Flight cancellations that disrupted holiday travel stretched into Monday, with major U.S. airlines each canceling dozens of flights.
Staffers calling out sick because of COVID-19, particularly since the emergence of the omnicron variant, have left airlines short in recent days. According to FlightAware, which tracks flight cancellations, airlines have canceled roughly 4,000 flights to, from or inside the U.S. since Friday.
Delta, United, JetBlue and American have all said that the coronavirus was causing staffing problems, and European and Australian airlines also canceled holiday-season flights because staff were infected, but weather and other factors played a role as well.
Winter weather in the Pacific Northwest led to nearly 250 flight cancellations to or from Seattle on Sunday, said Alaska Airlines, and the airline expects more than 100 flight cancellations Monday. But it says that crew calling out sick because of COVID-19 is no longer a factor.
United said it canceled 115 flights Monday, out of more than 4,000 scheduled, due to crews out with COVID-19.
Flight delays and cancellations tied to staffing shortages have been a consistent problem this year. Airlines encouraged workers to quit in 2020 when air travel collapsed, and were caught short-staffed this year as air travel rebounded faster than almost anyone had expected.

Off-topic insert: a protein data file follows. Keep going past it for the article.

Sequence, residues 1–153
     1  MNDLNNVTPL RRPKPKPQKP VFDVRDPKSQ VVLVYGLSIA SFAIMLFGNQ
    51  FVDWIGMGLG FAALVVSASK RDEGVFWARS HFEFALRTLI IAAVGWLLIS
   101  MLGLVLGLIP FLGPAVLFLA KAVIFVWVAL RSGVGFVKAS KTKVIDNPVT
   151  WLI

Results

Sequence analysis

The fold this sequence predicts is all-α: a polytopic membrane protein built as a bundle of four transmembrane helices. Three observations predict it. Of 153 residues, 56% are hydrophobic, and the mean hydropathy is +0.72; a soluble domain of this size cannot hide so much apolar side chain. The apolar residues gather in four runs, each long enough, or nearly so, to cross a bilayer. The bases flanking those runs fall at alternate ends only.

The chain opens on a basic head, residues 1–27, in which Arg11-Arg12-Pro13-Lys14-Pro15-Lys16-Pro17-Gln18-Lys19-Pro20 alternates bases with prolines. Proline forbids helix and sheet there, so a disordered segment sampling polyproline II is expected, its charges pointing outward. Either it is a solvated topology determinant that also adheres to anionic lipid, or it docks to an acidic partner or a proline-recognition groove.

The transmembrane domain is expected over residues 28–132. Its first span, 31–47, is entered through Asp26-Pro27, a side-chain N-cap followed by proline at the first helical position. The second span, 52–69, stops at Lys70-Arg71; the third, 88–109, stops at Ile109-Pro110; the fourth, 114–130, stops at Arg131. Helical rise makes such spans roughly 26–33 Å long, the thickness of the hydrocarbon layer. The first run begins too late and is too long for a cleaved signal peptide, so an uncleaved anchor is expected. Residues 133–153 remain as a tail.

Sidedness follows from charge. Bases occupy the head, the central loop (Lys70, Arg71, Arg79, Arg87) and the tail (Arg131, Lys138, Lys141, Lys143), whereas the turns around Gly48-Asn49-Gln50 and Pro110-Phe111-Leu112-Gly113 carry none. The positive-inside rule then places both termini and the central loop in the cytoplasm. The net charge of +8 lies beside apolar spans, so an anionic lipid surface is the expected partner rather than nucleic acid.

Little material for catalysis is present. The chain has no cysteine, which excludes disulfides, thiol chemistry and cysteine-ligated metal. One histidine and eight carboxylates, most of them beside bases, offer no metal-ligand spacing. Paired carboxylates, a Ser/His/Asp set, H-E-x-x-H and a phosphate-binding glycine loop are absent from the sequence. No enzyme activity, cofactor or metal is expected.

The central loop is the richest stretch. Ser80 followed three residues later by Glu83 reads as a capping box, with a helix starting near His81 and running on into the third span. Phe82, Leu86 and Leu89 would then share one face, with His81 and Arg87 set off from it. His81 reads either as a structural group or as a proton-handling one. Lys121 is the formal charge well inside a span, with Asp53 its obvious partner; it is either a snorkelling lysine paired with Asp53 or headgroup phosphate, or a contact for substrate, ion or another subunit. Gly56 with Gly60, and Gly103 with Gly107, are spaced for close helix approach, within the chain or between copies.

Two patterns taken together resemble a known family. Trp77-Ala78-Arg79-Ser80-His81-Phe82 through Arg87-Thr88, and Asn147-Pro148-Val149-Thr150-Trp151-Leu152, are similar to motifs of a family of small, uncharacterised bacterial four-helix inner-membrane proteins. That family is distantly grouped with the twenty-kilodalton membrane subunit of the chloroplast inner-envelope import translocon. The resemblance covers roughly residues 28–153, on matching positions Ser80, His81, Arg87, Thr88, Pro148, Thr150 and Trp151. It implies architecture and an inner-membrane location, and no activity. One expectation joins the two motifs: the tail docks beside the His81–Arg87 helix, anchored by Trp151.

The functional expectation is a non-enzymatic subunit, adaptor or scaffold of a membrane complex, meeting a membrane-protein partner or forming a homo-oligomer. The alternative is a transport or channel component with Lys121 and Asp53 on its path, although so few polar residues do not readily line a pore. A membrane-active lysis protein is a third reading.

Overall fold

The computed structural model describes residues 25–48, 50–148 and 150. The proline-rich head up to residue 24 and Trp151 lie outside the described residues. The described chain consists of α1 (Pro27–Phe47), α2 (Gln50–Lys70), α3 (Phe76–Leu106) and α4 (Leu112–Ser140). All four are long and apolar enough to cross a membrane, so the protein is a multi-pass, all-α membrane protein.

Airlines have called on the Biden administration to shorten the guidelines for the isolation period for vaccinated workers who get COVID-19, in order to ease staffing shortages. The union for flight attendants has pushed back against that, saying the isolation period should remain 10 days.
While some travelers canceled holiday plans because of rising case numbers, many others kept to their vacations during some of the year’s busiest travel days. The Transportation Security Administration said it expects to screen nearly 30 million people from Dec. 20 through Jan. 3, compared with nearly 44 million during the last holiday season before the pandemic.
Germany-based Lufthansa said Friday that it was canceling a dozen long-haul transatlantic flights over the Christmas holiday period because of a “massive rise” in sick leave among pilots. The cancellations on flights to Houston, Boston and Washington come despite a “large buffer” of additional staff for the period. The airline says it couldn’t speculate on whether COVID-19 infections or quarantines were responsible because it was not informed about the sort of illness. Passengers were booked on other flights.
Australian airline Jetstar said many of its workers had to test and isolate because of COVID spread, leading to last-minute delays and cancellations. It said it has rebooked the majority of passengers. FlightAware said Jetstar had 45 cancellations on Thursday and 34 on Friday.
According to FlightAware, there are more than 3,900 canceled flights on Friday and Saturday, with close to half of the cancellations by Chinese airlines. About 30% of affected flights — more than 1,100 — were to, from or within the U.S. This is still a small fraction of global flights. FlightAware says it has tracked more than 100,000 arrivals in the past 24 hours.